Please switch off all mobile phones, since they can interfere with the aircraft’s navigation systems. At least, that’s what you’ve always been told. The real reason to switch them off is because they interfere with mobile networks on the ground, but somehow that doesn’t sound quite so good. On most flights a few mobile phones are left on by mistake, so if they were really dangerous we would not allow them on board at all, if you think about it. We will have to come clean about this next year, when we introduce in-flight calling across the Veritas fleet. At that point the prospect of taking a cut of the sky-high calling charges will miraculously cause our safety concerns about mobile phones to evaporate.
On channel 11 of our in-flight entertainment system you will find a video consisting of abstract imagery and a new-age soundtrack, with a voice-over explaining some exercises you can do to reduce the risk of deep-vein thrombosis. We are aware that this video is tedious, but it is not meant to be fun. It is meant to limit our liability in the event of lawsuits. Once we have reached cruising altitude you will be offered a light meal and a choice of beverages—a word that sounds so much better than just saying ‘drinks’, don’t you think? The purpose of these refreshments is partly to keep you in your seats where you cannot do yourselves or anyone else any harm. Please consume alcohol in moderate quantities so that you become mildly sedated but not rowdy. That said, we can always turn the cabin air-quality down a notch or two to help ensure that you are sufficiently drowsy.
After take-off, the most dangerous part of the flight, the captain will say a few words that will either be so quiet that you will not be able to hear them, or so loud that they could wake the dead. So please sit back, relax and enjoy the flight. We appreciate that you have a choice of airlines and we thank you for choosing Veritas, a member of an incomprehensible alliance of obscure foreign outfits, most of which you have never heard of. Cabin crew, please make sure we have remembered to close the doors. Sorry, I mean: ‘Doors to automatic and cross-check’. Thank you for flying Veritas.” "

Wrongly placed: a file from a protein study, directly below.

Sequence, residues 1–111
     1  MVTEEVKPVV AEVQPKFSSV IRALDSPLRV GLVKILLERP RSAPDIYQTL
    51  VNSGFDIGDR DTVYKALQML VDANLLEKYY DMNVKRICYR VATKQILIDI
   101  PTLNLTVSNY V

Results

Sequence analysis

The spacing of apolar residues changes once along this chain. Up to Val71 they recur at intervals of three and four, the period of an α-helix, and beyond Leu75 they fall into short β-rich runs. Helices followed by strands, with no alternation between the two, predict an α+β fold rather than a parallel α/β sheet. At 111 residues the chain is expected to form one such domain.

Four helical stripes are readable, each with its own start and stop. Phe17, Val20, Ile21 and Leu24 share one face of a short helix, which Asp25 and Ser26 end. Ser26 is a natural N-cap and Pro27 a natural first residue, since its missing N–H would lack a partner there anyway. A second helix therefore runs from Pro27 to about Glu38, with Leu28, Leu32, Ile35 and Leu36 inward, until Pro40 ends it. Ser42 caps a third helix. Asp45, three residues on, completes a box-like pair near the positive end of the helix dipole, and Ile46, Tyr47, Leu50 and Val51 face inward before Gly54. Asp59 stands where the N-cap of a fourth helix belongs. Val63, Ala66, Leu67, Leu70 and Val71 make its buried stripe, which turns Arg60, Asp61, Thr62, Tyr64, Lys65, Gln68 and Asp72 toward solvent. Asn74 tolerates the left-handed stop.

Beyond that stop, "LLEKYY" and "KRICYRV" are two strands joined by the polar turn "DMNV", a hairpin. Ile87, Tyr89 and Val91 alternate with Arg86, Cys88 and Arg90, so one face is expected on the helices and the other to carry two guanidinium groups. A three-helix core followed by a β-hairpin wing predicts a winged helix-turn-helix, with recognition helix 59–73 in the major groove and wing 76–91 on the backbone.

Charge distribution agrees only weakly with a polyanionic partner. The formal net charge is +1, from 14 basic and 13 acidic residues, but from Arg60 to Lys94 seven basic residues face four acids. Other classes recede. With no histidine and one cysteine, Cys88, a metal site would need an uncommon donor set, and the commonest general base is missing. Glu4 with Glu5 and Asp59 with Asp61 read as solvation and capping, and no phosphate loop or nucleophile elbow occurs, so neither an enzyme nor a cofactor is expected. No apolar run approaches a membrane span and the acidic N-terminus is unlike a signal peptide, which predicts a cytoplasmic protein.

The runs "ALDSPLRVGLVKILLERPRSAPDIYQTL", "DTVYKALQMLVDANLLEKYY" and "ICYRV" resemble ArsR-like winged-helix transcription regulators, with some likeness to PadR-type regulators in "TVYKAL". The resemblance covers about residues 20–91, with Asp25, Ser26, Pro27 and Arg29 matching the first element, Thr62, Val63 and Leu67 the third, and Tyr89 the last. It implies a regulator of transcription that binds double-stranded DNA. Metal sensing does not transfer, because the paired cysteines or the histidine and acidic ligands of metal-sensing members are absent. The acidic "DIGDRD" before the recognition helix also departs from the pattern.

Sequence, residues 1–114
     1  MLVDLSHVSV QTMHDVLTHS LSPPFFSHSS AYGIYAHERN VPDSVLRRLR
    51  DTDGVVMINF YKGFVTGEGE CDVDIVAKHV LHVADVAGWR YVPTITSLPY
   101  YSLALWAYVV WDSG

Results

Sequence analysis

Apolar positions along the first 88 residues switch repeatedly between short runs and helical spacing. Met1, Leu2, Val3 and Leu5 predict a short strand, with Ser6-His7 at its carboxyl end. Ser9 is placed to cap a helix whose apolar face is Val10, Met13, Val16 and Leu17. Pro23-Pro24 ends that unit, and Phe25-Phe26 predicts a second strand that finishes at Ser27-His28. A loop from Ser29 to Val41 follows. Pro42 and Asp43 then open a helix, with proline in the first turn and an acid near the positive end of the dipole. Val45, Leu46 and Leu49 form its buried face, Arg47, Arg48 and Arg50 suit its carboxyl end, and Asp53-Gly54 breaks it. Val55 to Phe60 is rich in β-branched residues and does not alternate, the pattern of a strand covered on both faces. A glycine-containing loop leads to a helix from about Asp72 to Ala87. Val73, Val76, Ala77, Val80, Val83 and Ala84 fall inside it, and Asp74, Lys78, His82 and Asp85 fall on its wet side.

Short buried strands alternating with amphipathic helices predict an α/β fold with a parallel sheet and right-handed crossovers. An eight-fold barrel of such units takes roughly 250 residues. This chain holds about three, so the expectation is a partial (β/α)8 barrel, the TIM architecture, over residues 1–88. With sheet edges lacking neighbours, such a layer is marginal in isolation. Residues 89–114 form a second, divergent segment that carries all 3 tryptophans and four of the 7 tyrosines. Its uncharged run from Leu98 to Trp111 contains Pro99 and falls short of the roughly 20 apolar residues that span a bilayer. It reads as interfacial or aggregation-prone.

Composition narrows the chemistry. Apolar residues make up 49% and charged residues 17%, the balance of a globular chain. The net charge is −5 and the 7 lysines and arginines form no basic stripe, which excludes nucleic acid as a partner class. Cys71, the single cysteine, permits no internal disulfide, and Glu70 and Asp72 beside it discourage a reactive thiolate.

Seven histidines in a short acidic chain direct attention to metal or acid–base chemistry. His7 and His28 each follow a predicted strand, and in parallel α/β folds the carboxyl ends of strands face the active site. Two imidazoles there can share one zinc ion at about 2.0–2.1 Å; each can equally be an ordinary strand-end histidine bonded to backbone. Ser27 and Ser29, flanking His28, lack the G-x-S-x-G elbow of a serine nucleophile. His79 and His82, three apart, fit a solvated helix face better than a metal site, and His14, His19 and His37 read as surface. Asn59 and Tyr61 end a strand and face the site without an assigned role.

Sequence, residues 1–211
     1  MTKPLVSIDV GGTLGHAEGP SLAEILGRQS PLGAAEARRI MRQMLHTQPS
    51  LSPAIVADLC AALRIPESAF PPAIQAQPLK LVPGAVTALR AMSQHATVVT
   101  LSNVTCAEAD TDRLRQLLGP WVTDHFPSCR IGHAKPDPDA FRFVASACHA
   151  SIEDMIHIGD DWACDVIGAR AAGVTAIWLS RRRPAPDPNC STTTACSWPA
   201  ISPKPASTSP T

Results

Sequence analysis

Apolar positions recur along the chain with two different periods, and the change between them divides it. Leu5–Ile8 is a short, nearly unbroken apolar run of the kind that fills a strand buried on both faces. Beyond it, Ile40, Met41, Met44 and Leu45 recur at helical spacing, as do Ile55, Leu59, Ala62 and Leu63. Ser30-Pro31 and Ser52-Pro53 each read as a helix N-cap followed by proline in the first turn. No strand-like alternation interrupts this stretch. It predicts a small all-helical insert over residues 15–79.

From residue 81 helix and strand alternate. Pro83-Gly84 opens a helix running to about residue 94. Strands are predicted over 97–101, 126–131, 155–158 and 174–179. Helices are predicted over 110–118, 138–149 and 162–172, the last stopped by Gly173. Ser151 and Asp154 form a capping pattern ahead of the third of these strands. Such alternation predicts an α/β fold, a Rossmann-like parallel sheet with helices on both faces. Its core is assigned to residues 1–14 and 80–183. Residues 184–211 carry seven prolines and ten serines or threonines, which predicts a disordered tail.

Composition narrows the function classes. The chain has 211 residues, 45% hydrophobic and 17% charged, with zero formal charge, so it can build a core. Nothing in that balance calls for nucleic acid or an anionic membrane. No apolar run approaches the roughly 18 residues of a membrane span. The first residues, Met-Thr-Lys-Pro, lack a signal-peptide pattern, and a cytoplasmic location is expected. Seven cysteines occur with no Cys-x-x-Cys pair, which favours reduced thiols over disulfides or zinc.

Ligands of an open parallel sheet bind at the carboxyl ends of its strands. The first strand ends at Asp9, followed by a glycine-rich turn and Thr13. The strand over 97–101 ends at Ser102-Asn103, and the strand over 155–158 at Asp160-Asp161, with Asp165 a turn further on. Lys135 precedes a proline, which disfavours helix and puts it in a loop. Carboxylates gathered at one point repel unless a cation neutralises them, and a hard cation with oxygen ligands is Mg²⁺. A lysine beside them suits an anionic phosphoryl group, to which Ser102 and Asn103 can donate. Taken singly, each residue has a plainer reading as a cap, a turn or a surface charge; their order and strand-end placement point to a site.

I think it is funny and relevant. I am eager to fly the friendlier skies of Veritas one day. Does Veritas do the Pearson to Trudeau route yet? I loved the part about mobile phones - seems so true. In all it was a humorous and well written article.
I have been flying West Jet recently and it is really a much more human experience than the other guys. West Jet has made the added hassles of air travel lately a bit more bearable. West Jetters are just a friendlier and more jovial bunch.
The worst carrier I have ever flown is TWA. Which I believe stands for The Worst Airline (although the last time I flew TWA was over 6 years ago, so I have no clue if they pulled up their socks).
I am interested to know your thoughts on the article and the experiment in general?
Technorati Tags: Social Media Marketing Media Communications New Media New Marketing The Economist Public Relations Citizen Journalism